20 Must-Know Routes of Administration!Sep 7th, 2019
What are routes of drug administration?
In pharmacology, “routes of administration” are the pathways by which drug is administered to a patient.
For example, some drugs are administered orally, whereas other drugs are administered via the rectal or intravenous route – directly into a vein. Generally, we classify routes of administration into three categories:
- Enteral – through the gastrointestinal tract
- Parenteral – through any route that does not involve the GI tract
- Topical – through the skin
Why, then, is one route of administration chosen over another? To answer this question, we need to consider the following five factors:
- Physical and chemical properties of the drug.
- Site of action – is local or systemic effect required?
- Rate of drug absorption from different body sites.
- Impact of gastrointestinal enzymes / liver metabolism on the drug.
- State of the patient – are they conscious or unable to take oral drugs, for example?
Some drugs cannot be administered via the oral route – such as insulin – because gastric acid destroys the drug. For this reason, insulin is administered via a parenteral route, such as the subcutaneous route. Some drugs work best when administered direct to the site of action, such as the skin, rather than through systemic means, such as the IV route. The rate and extent of drug absorption is different for different sites of the body. Some drugs are absorbed more from one site than another. In other cases, absorption may be intentionally slowed to ensure a consistent rate of drug is fed into the body. Furthermore, many drugs are metabolised by digestive enzymes, gut wall enzymes, and liver enzymes.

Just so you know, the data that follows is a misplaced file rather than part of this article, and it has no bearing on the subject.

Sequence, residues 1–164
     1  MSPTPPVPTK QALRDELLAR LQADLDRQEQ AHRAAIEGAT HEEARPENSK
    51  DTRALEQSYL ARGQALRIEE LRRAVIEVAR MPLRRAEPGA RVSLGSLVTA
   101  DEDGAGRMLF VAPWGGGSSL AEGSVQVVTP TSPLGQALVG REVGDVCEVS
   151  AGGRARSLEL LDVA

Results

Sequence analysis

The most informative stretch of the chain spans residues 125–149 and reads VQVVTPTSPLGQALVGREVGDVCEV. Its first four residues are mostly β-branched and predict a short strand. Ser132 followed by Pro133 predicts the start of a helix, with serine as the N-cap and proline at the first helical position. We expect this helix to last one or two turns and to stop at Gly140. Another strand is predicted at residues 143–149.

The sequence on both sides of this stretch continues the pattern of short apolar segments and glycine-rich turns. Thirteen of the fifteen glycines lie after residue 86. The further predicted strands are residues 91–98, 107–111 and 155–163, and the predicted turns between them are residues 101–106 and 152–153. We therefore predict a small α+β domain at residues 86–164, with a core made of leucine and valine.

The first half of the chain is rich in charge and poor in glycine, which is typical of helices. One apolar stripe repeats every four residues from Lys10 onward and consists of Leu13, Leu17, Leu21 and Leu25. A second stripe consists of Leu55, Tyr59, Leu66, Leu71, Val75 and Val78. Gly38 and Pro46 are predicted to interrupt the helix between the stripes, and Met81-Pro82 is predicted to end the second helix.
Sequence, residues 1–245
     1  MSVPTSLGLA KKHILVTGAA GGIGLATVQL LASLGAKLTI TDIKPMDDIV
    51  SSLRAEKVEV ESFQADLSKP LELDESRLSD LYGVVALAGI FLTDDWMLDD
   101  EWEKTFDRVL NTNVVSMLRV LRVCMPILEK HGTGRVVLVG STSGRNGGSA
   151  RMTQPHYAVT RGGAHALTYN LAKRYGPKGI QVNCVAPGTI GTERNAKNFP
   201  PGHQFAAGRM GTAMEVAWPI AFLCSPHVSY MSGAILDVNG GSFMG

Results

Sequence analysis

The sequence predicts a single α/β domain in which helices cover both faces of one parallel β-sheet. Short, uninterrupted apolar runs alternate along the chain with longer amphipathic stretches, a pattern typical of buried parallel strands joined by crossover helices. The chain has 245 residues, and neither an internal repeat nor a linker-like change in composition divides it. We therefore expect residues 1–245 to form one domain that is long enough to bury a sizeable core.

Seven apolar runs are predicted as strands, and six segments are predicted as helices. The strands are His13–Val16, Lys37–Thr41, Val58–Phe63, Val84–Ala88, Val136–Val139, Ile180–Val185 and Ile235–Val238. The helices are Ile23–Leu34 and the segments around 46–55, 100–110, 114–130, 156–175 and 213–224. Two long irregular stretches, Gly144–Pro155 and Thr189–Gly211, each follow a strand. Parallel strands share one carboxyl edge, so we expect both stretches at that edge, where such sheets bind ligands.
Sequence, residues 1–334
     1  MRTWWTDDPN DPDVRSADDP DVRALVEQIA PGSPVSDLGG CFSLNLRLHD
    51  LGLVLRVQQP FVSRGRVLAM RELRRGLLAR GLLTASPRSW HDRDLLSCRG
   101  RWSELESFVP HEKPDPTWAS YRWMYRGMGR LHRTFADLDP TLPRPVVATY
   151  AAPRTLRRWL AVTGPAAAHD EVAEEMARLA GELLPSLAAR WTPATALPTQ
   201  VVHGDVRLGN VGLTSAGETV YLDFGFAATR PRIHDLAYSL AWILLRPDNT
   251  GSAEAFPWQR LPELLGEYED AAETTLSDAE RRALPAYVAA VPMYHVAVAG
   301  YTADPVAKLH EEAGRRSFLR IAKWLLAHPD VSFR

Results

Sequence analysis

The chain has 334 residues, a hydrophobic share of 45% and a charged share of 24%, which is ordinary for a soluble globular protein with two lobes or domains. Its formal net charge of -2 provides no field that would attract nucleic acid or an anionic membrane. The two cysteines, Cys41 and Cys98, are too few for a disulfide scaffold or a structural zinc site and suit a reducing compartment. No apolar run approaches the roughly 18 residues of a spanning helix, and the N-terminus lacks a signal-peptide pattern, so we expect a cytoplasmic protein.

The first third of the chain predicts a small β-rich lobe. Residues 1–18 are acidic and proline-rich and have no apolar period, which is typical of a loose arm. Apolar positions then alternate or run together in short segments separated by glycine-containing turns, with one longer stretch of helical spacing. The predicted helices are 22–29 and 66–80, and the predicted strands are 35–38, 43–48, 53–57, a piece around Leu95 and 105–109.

The rate and extent of drug absorption from different sites is dictated, in part, by the physical and chemical properties of the drug. Some drugs have greater solubility in fat, whereas others do not. These are the kinds of factors that influence which route of administration is chosen.
First-Pass Effect and IV Administration
Many drugs are metabolized, even destroyed by the gastrointestinal tract – more specifically, by the gut wall and liver metabolism.
This is referred to as the first-pass effect, also known as ‘pre-systemic metabolism’ – where digestive and liver (hepatic) enzymes transform and metabolise the drug into another product, often a product that loses its original clinical utility. For this reason, many drugs are administered via parenteral routes – such as the intravenous route – to avoid these digestive enzymes, delivering the medicine direct into the bloodstream.
By giving drug direct into veins, it ensures a more rapid effect. Taking medicines via the oral route takes time – the drug must be digested, metabolized and absorbed. This isn’t the case with the intravenous route, which injects the medicine into a vein for direct effect. This may be necessary in cases where patients cannot swallow or in patients who are unconscious or in cases where a rapid systemic effect is needed – such as in an emergency situation. Similarly in patients suffering from emesis (vomiting), it may be prudent to offer a route of drug administration that bypasses the digestive tract, otherwise the medicine may also be vomited up. In these cases, parenteral routes of administration becomes essential.
In the case of intravenous administration, there are three means of delivery:
- Bolus IV – drug administered over a short period (known as IV push; IVP).
- Continuous IV infusion – drug administered to the patient over hours or days by continuous drip or infusion.
- IV piggyback (IVP) – small volume of IV medicine given in addition to an IV infusion; “piggybacking” through the primary IV line.
Routes of Administration
Below we have covered all major routes of drug administration, all of which are examinable on the PTCB test.
|ENTERAL / GI ROUTES OF ADMINISTRATION|
|Oral (PO)||Through the mouth|
|Buccal||Between gums and cheek|
|Sublingual||Under the tongue|
|Rectal||Into the rectum|
|ENTERAL / GI ROUTES OF ADMINISTRATION|
|Intravenous (IV)||Into a vein|
|Intramuscular (IM)||Into muscle|
|Intracardiac||Into the heart|
|Intraosseous||Into the bone marrow|
|Intradermal||Into the skin itself|
|Intravitreal||Through the eye|
|Intraocular||Into the eye|
|Intravesical||Into the bladder|
|Subcutaneous (SC)||Under the skin|
|Transdermal||Diffusion through skin for systemic effect|
|Intrathecal||Into the spinal canal|
|Intracavernous||Into the base of the penis|
|Intraarticular||Into a joint space|
|Epidural||Injection into the epidural space|
|Intracerebrovascular||Into cerebral ventricles of the brain|